TEHRAN (Iran News) –Barekat Charity Foundation, affiliated to Headquarters for Executing the Order of the Imam, has financially supported 7,000 infertile couples in rural areas to receive necessary treatments. So far, 7,000 infertile couples in disadvantaged rural areas have received full treatment free of charge through a family growth plan, which has resulted in the birth of 800 infants, IRNA quoted the head of the foundation, Amir Hossein Madani, as saying on Sunday.
The Barakat family growth plan has been implemented since 2015, which resulted in the identification of 13,270 infertile couples in rural areas, and 7,000 of whom have been introduced to medical centers and received treatment, he explained.
Intrauterine insemination (IUI), a fertility treatment that involves placing sperm inside a woman’s uterus to facilitate fertilization, In vitro fertilization (IVF), a process of fertilization where an egg is combined with sperm outside the body, in vitro (“in glass”), intracytoplasmic sperm injection (ICSI), an in vitro fertilization procedure in which a single sperm cell is injected directly into the cytoplasm of an egg, as well as medications, etc. to treat infertility are offered to these couples.
Moreover, in addition to infertility treatment costs the hospital birth costs are covered by the Barekat insurance.
Infertile couples can refer to Barekat insurance agents in local centers in all provinces nationwide to use the services free of charge.
Population growth policies
Some 14 policies to support childbearing and the family were announced by the Leader in [the Iranian calendar year] 1389 (March 2014-March 2015) when he stressed that social, cultural, and economic development should be done in accordance with these general policies to support families.
The policies address the need to increase the population and the various dimensions of it, including childbearing, facilitating marriage and strengthening the family, reproductive health, promoting the Iranian-Islamic lifestyle, empowering young people, honoring the elderly, and the environment, which can lead to an increase in the quantity and quality of the population if it is timely and continuous implemented.
On March 15, the Majlis (Iranian Parliament) approved the implementation of population growth and family support plan for 7 years to change the declining trend of childbearing.
The fertility rate in Iran has been declining over the past eight years, the lowest of which was related to the past [Iranian calendar] year (March 2019-March 2020) with a birth rate of 1.2, according to the data recently published by the Statistics Center.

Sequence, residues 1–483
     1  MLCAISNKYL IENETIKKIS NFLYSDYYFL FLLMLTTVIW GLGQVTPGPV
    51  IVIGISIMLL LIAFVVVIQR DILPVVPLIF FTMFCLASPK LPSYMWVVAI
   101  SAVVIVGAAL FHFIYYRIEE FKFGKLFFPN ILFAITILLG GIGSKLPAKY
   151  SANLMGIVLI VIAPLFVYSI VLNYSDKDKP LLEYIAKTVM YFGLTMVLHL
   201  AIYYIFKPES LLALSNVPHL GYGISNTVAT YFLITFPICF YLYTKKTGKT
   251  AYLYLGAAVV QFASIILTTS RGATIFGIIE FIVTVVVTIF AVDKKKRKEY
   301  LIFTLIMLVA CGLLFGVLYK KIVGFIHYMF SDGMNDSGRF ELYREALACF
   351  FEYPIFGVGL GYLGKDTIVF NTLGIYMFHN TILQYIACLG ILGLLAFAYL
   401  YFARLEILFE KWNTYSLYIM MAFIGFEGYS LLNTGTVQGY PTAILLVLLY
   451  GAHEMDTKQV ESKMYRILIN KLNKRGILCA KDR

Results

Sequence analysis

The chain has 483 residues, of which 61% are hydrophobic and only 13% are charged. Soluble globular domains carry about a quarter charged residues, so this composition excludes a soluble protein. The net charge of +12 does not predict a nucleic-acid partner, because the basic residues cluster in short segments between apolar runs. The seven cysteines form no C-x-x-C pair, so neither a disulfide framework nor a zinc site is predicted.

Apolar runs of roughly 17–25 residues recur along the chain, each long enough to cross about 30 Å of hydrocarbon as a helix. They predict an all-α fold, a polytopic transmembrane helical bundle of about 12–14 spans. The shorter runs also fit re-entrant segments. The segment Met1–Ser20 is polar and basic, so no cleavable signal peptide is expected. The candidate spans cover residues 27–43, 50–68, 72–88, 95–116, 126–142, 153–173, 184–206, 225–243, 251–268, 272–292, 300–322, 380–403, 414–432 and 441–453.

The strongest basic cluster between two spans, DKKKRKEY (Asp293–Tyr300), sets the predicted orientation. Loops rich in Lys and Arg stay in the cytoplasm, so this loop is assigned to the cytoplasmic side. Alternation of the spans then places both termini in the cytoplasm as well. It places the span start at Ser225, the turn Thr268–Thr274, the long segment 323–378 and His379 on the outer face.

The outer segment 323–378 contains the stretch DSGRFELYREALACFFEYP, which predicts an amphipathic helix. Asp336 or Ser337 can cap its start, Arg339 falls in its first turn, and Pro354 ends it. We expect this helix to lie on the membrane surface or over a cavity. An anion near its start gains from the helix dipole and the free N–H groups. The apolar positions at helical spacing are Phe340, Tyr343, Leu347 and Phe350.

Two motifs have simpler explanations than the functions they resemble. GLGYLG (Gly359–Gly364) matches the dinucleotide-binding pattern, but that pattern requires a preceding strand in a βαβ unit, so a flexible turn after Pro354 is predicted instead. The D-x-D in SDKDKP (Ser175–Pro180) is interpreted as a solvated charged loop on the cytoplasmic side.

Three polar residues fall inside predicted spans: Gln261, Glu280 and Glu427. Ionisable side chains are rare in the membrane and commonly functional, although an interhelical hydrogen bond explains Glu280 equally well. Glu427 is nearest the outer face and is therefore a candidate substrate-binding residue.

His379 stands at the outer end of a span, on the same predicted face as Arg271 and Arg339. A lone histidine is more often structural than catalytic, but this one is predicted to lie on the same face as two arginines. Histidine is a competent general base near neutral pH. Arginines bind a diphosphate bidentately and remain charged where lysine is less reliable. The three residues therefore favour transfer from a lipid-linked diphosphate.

The total fertility rate in simple terms refers to the total number of children born or likely to be born to a woman in her lifetime if she were subject to the prevailing rate of age-specific fertility in the population.
According to the data released by the National Organization for Civil Registration, the number of births registered during the [Iranian calendar] year 1390 (March 2011-March 2012) was equal to 1,382,118, which increased to 1,528,053 births in the [Iranian calendar] year 1395 (March 2016-March 2017).
However, the number of births in the whole country faced a downtrend over the past three years, as registered births decreased to 1,196,135 over the past [Iranian calendar] year; a difference of roughly over 120,000 to 16,000 per year.
Nicholas Eberstadt, the Henry Wendt Chair in Political Economy at the American Enterprise Institute (AEI) wrote in an article in July 2020 that the fertility rate in Iran has dropped by 70 percent over the past 30 years, which has been the highest decline in human history.
Melinda Gates, an American philanthropist and co-founder of the Bill & Melinda Gates Foundation, also wrote on her Twitter account that “The fastest decrease in the rate of childbearing per woman in the history of the world has happened in Iran!”
Seyed Hamed Barakati, deputy health minister for family and school population, said last year that Iran’s population growth rate has decreased to less than one percent for the first time over the past four decades.
At the beginning of the Islamic Revolution (in 1979), the country’s population grew by 2.5 percent annually, however, suddenly, population growth reached about 1.5 percent in the 1980s, he highlighted.